Ann Putnam in particular frequently saw the yellow bird in her afflictions. Tituba was known to have seen strange animals that urged her to hurt children, these included, a hog, a black dog, a red cat, and a black cat. The mark was most commonly an extra teat found somewhere on the body and was suspected to be used to suckle the familiar spirits. An example of this can be seen in the Salem witch trials of For example, Ann Putnam told Martha Corey that, "ther is a yellow burd a sucking between your fore finger and midel finger I see it" .
Historian Emma Wilby identified recurring motifs in various European folk tales and fairy tales that she believed displayed a belief in familiar spirits.
familiar | Definition of familiar in English by Oxford Dictionaries
She noted that in such tales as Rumpelstiltskin , Puss-in-Boots and the Frog Prince , the protagonist is approached by a supernatural being when they are in need of aid, something that she connected to the appearance of familiar spirits in the Early Modern accounts of them. Recent scholarship on familiars exhibits the depth and respectability absent from earlier demonological approaches. The study of familiars has grown from an academic topic in folkloric journals to a general topic in popular books and journals incorporating anthropology, history and other disciplines.
James Sharpe, in The Encyclopedia of Witchcraft: In the 19th century, folklorists fired the imagination of scholars who would, in decades to come, write descriptive volumes on witches and familiars. Examples of the growth and development of familiar scholarship are found in Folklore , which consistently contributes articles on traditional beliefs in England and early modern Europe.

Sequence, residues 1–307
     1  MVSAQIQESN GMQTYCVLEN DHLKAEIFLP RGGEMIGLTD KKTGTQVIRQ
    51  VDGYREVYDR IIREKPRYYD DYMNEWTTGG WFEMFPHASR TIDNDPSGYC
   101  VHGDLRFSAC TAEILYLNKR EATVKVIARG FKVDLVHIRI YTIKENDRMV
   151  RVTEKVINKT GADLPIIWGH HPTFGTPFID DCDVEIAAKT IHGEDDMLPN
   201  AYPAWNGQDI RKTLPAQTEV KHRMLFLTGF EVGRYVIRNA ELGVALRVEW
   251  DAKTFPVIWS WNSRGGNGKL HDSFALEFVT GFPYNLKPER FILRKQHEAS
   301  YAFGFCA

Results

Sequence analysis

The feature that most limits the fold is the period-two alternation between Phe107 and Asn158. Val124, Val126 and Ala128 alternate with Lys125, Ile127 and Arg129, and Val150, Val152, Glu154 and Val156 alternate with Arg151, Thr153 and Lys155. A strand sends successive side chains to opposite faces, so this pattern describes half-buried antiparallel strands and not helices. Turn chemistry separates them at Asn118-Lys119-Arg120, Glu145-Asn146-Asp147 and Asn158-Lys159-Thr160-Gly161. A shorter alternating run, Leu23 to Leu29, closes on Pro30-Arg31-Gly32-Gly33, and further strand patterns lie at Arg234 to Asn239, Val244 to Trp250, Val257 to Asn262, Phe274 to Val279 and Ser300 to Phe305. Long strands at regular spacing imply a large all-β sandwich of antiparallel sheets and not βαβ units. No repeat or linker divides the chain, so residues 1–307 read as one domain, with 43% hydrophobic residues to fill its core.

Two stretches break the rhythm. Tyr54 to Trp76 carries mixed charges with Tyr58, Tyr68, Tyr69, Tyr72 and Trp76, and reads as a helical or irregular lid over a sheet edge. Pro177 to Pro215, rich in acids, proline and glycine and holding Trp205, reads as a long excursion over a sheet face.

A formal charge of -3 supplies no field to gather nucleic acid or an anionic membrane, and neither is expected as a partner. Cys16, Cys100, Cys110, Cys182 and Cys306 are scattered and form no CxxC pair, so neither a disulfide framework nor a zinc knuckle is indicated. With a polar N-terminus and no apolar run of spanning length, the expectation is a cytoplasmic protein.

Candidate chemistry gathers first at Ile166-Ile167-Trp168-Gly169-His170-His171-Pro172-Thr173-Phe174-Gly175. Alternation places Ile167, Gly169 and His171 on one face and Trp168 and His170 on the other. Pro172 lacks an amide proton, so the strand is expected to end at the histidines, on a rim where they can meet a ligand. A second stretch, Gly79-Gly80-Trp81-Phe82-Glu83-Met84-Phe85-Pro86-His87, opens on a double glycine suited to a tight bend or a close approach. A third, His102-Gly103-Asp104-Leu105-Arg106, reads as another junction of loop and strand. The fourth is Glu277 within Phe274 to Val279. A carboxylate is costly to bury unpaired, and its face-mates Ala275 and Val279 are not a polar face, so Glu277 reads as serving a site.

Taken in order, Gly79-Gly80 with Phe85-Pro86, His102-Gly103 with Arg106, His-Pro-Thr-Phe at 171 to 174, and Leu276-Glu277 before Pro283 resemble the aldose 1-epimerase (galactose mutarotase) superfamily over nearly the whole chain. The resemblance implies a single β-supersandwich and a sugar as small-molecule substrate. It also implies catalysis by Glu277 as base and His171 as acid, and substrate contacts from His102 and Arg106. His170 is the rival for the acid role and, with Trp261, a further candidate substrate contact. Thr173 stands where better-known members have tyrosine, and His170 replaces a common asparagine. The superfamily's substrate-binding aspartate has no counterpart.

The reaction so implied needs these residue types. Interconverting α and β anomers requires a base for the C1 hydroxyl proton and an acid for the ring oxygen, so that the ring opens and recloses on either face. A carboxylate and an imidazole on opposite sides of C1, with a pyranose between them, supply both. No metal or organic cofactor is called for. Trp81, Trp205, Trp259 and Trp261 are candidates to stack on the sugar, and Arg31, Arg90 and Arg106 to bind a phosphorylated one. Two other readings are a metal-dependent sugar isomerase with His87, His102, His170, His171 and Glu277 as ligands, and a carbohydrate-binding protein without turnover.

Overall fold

In the first decades of the 20th century, familiars are identified as "niggets", which are "creepy-crawly things that witches kept all over them". Margaret Murray delves into variations of the familiar found in witchcraft practices. Many of the sources she employs are trial records and demonological texts from early to modern England. Her information concerning familiars comes from witchcraft trials in Essex in the 16th and 17th centuries.
Her detailed contribution to the topic included several court cases and accounts from Europe in which she finds mention of familiars. Subscribe to America's largest dictionary and get thousands more definitions and advanced search—ad free! Do you feel lucky?
Our Word of the Year justice , plus 10 more. How we chose 'justice'. And is one way more correct than the others? How to use a word that literally drives some people nuts. The awkward case of 'his or her'. Identify the word pairs with a common ancestor. Can you spell these 10 commonly misspelled words? Other Words from familiar Adjective familiarly adverb. Adjective bosom , buddy-buddy , chummy , close , especial , friendly , inseparable , intimate , inward , near , thick , tight Antonyms: Adjective distant Visit the Thesaurus for More.
Choose the Right Synonym for familiar Adjective common , ordinary , plain , familiar , popular , vulgar mean generally met with and not in any way special, strange, or unusual. Examples of familiar in a Sentence Noun a longtime familiar of the bar, she would most likely have been there on the night in question with old familiars the normally reserved writer can be quite warm and funny Adjective Some authors, such as Richard Rodriguez and Ruben Martinez, will be familiar to media mavens outside the region … — Ray Olson , Booklist , 15 Oct.